August 4, 2013 in Features

Tour lets visitors in on shade garden secrets

By The Spokesman-Review
 
Susan Mulvihill photo

Norma Norton’s South Hill garden features charming sitting areas and many beautifully planted containers.
(Full-size photo)

IF YOU GO

Associated

Garden Clubs tour

When: Aug. 11 from 10 a.m. to 5 p.m.

Tickets: $10; children younger than 12 free. Tickets available prior to the tour at Judy’s Enchanted Garden, 2628 W. Northwest Blvd., and Northwest Seed & Pet, 2422 E. Sprague Ave., both in Spokane, or at any of the featured gardens the day of the tour.

Call: (509) 448-3037

Next Sunday, five gardens on Spokane’s South Hill will be open to the public for the first time as part of this year’s “Other Gardeners’ Edens” garden tour.

The tour will be presented by the Associated Garden Clubs of Spokane, which is 80 years old this year. What some might not know is that this nonprofit group was formed to promote the idea of naming Spokane “The Lilac City,” and later sponsored the first Lilac Parade back in 1938.

Visitors to Norma Norton’s garden, located at 729 E. 23rd Ave., will discover how she grows many sun-loving plants on a fairly shady lot.

Her 100-year-old home and the city lot it sits upon are surrounded by tall pine and maple trees. And yet, she is growing many annuals, perennials and vegetables that would ordinarily balk at these conditions. What’s her secret?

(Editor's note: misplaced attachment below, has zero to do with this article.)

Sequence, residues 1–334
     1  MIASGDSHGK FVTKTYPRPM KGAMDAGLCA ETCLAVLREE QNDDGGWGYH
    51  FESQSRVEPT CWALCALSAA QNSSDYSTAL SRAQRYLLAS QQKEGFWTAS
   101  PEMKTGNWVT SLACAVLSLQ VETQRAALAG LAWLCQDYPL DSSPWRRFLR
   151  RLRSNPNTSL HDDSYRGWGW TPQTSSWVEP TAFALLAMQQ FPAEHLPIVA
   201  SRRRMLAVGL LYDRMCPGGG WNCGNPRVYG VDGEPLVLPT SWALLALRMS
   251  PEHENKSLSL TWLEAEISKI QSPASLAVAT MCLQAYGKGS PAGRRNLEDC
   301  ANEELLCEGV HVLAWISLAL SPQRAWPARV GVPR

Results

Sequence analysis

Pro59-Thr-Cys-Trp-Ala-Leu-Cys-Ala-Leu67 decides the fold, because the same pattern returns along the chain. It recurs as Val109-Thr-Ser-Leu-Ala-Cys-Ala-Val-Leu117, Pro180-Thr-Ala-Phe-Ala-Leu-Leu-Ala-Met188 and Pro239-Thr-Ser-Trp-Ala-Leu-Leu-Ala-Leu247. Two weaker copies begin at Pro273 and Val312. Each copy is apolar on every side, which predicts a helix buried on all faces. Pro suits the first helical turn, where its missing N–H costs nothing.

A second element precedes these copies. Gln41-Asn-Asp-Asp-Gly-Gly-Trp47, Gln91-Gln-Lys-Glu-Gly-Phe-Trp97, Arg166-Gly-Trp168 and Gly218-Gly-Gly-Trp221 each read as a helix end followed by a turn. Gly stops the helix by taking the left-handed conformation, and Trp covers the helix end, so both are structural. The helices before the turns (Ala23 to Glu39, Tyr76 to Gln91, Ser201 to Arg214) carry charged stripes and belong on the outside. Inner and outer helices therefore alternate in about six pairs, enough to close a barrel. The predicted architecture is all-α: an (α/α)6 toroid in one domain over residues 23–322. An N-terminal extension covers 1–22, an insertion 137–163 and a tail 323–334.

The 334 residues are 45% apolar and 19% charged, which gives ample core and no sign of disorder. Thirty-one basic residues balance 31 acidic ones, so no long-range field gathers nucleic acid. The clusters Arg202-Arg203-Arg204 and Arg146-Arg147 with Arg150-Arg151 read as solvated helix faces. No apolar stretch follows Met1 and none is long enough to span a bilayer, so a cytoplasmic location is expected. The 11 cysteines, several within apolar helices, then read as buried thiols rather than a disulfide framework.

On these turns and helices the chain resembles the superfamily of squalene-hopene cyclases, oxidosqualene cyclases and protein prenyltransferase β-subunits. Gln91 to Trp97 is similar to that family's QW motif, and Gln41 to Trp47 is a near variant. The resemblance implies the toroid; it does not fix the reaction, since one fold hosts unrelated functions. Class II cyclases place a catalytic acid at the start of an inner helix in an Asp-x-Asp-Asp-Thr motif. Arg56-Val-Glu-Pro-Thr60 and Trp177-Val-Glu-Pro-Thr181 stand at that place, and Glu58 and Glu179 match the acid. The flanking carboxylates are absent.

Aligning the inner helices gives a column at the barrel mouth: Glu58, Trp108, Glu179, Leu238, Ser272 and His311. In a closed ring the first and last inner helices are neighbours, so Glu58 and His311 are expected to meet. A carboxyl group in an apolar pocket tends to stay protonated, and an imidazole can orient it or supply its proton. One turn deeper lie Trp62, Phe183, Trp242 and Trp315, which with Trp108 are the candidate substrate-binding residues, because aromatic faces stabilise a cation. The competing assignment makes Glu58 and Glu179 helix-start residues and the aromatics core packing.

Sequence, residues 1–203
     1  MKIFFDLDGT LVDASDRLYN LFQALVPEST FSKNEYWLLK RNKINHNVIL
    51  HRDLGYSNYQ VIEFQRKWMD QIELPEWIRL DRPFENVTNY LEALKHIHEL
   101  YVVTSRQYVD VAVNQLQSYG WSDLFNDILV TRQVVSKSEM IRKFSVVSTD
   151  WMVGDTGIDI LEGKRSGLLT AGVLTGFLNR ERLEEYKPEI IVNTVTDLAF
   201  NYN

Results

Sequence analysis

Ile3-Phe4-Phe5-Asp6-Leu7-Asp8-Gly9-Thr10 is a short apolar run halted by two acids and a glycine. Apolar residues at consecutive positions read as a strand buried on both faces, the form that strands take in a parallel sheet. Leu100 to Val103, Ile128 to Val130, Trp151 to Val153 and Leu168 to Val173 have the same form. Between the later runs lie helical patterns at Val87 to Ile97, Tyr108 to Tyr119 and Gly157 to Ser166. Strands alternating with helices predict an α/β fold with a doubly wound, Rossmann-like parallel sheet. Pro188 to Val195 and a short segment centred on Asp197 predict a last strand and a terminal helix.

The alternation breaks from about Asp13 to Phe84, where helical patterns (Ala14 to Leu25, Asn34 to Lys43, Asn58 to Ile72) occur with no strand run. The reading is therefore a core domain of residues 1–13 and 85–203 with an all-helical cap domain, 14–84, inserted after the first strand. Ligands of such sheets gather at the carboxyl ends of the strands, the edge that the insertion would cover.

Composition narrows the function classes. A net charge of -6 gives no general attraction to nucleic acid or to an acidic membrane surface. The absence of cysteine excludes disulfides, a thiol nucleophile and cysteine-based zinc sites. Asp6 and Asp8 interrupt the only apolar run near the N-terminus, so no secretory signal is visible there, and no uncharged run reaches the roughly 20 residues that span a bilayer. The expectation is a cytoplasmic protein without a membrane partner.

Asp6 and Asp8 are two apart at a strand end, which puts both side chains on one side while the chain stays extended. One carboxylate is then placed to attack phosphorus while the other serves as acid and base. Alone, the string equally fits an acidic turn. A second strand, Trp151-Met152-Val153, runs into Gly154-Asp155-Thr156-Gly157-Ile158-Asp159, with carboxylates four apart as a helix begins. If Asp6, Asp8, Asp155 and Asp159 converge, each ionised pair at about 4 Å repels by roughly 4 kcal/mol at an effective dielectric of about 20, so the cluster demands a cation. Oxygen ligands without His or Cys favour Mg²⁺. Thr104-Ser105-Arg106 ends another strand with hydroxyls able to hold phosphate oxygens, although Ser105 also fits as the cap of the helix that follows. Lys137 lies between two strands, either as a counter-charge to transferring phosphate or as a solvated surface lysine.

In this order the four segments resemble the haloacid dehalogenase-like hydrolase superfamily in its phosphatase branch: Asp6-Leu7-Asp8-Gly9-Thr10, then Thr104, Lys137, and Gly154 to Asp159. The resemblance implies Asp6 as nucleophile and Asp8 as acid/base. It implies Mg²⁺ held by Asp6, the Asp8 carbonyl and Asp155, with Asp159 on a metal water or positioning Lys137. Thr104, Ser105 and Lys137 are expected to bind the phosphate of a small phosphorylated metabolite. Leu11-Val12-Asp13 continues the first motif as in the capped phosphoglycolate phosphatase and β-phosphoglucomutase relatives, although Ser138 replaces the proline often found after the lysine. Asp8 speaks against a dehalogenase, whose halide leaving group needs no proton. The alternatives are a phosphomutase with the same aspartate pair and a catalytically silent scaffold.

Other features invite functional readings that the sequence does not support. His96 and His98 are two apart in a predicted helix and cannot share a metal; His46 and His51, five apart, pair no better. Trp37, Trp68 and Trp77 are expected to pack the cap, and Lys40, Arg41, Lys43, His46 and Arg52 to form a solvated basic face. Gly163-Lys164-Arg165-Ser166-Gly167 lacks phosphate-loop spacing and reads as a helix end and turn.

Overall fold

During the past 35 years, Norton has tracked the sun’s movement through her garden, used movable containers to grow veggies and annuals and has placed hanging baskets up high on the fence to treat the plants to the maximum amount of sun.

While her parents always had a vegetable garden while she was growing up, the shady conditions have kept her from growing a traditional vegetable garden. That’s why she switched to using containers.

“The reason I do pots is because of the lack of sun in my yard,” she said. “I learned just by experimenting, seeing what grows and what doesn’t.”

There are containers with dahlias, impatiens, lamium, sweet potato vine, coleus, lobelia, sweet alyssum, million bells, petunias, as well as tomatoes and eggplants. She also has taken advantage of the few odd spots in her landscape that get some sun to tuck in some vegetable plants.

The perennial beds overflow with hostas, peonies, Joe Pye weed, daylilies, purple clematis, ferns, phlox and lavender. There are also hydrangeas, spirea, ornamental kiwi vine, boxwood and a weeping Arizona cypress to add interest to the garden.

The combination of attractive sitting areas and fun garden art add a lot of charm to what has become a place of serenity for Norton.

“It’s the peace and quiet, the beautiful colors of the flowers and being outside that I enjoy,” she said. “I feel calm when I’m gardening or even when I’m out here just sitting.”

The following gardens are also a part of the tour:

• Gloria and Jim Waggoner/Paulsen House garden and Myrtle White Paulsen Meditation Garden, 245 E. 13th Ave.

• Jane and Sam Joseph, 1910 S. Upper Terrace Road.

• Breck and Elaine Breckenridge, 31 W. 37th Ave.

• Barbara and Will Murray, 1004 W. 23rd Ave.

Organizers of the tour also encourage attendees to visit the historic Moore-Turner Heritage Gardens, located adjacent to the Corbin Art Center at 507 W. Seventh Ave. It is free to the public and open each Sunday in August.

Proceeds from the tour will go to the Associated Garden Clubs’ grants program which has given more than $200,000 to the Spokane area for beautification and gardening projects in local parks, community gardens and other civic areas.

Susan Mulvihill can be reached via email at inthegarden@live.com.Visit her blog at susansinthegarden.blogspot.com for more gardening information, tips and events.


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